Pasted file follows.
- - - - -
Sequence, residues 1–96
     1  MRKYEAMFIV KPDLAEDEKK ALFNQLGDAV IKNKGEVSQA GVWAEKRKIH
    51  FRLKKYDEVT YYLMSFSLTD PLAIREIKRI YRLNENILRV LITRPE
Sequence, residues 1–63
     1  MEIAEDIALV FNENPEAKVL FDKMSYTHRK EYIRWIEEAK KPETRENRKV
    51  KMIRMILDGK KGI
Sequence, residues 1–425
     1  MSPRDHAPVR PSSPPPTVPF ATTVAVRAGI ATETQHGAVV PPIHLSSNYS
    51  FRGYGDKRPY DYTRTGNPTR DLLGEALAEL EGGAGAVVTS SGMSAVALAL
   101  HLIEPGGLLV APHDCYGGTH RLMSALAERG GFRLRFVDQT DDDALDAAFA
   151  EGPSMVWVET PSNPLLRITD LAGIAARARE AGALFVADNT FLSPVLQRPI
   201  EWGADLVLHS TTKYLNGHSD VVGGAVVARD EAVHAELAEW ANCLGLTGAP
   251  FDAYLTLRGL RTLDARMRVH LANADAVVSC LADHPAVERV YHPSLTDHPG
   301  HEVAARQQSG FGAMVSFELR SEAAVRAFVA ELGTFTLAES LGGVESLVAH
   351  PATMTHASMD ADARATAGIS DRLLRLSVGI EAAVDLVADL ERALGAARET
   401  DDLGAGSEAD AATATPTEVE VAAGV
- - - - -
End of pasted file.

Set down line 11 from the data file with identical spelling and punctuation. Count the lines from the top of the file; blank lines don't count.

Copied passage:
   151  EGPSMVWVET PSNPLLRITD LAGIAARARE AGALFVADNT FLSPVLQRPI